Music

Ziggy Stardust Goes to the Final Gig in the Sky

Cover of David Bowie's album Ziggy Stardust

Cover of David Bowie’s album Ziggy Stardust

David Bowie, who died of cancer on Sunday, will always be remembered for his willingness to explore new musical worlds and for his colourful and eccentric public identities. Working till the end, he released his last album, Blackstar on his birthday on Friday.

To those who followed Bowie’s career, it often appeared that his persona — or personas — tended to overshadow his music. From his generally androgynous image to Ziggy Stardust to Alladin Sane to the Thin White Duke (“the cocaine years”), Bowie dominated the glam rock universe, winning new fans and alienating old ones with his music.

But all through his various avatars, he continue to experiment and innovate, producing music that achieved iconic status – who does not remember ‘Starman’ or ‘Fame’? Underneath all that glitter and the imagery, lay a serious musician who was ready to stretch the boundaries of what was popular and acceptable. Looking back, it is not always appreciated what a huge risk Ziggy Stardust was.

David Bowie, or David Robert Jones was born to a waitress mother and a night-club owner father in Brixton, London on January 8, 1947. His voice was considered “adequate” but his dancing skills were noted by his teachers. Like most teenagers of his time, he was wildly impressed by American music, especially Little Richard and Elvis Presley; after hearing ‘Tutti Frutti’, he apparently said, “I have heard God”.

Bowie began to learn music and art at the Bromley Technical High School and formed his first band at the age of 15. That was the time new beginnings were taking place in popular music – the Beatles and the Rolling Stones were created around the same period. Bowie wanted to emulate the Beatles success but his first few records did not take off.

Learning dance, he developed a highly theatrical style which was to become part of him through his life. He brought art and style to his music and performances. His first hit, ‘Space Oddity’, released just before the launch of Apollo 11 in 1969, shows how he was already ahead of his times, with its futuristic sound effects and the story of an astronaut who gets disconnected from his spaceship:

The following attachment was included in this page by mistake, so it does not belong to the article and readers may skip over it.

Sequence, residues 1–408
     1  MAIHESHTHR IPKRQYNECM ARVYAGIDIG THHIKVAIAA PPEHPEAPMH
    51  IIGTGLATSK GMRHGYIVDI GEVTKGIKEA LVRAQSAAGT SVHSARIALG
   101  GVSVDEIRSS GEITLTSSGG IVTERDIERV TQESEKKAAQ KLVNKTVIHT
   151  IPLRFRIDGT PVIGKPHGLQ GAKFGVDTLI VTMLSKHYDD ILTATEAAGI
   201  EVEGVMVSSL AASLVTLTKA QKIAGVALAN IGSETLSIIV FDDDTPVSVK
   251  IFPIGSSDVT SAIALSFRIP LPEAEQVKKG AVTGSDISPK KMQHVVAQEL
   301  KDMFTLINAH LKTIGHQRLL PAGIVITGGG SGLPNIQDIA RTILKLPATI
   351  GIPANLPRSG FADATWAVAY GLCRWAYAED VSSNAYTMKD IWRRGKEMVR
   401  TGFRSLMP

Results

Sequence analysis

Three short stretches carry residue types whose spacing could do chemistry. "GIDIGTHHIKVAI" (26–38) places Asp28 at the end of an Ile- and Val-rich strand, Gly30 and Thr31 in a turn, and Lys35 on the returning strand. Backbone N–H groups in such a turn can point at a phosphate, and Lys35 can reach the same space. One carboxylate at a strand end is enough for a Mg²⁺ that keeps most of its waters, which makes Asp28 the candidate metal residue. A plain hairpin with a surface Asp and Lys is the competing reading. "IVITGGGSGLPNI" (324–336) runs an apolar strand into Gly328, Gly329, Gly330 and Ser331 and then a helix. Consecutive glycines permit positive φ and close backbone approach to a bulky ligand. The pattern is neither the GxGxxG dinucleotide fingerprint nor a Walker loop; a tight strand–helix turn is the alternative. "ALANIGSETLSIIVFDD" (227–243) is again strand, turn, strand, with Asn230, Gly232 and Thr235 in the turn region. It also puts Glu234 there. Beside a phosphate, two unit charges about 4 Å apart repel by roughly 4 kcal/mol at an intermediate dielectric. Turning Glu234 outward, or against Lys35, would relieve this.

Here am I floating
round my tin can
Far above the Moon
Planet Earth is blue
And there’s nothing I can do.

The theme of space and the stars continued to preoccupy him and one of his songs, Starman was used in the recent film The Martian, about an astronaut stranded on the Red planet.

There has always been an otherworldly quality to Bowie, and it is no surprise that his first film was called The Man Who Fell to Earth. He has appeared in – either in significant roles or as cameos – in over 25 films; his best known is Merry Christmas Mr Lawrence, in which he played a prisoner of war.

Not all of his music was successful and while Ziggy Stardust and the Spiders from Mars catapulted him to the top, turning him into a genuine rock star, he remained an acquired taste. But there was never any doubt that he was a great musician, who was as capable of singing a traditional Christmas song with Bing Crosby as turning out a regular pop number like ‘Dancing in the Street’ with Mick Jagger and of course, creating his own special brand of edgy music.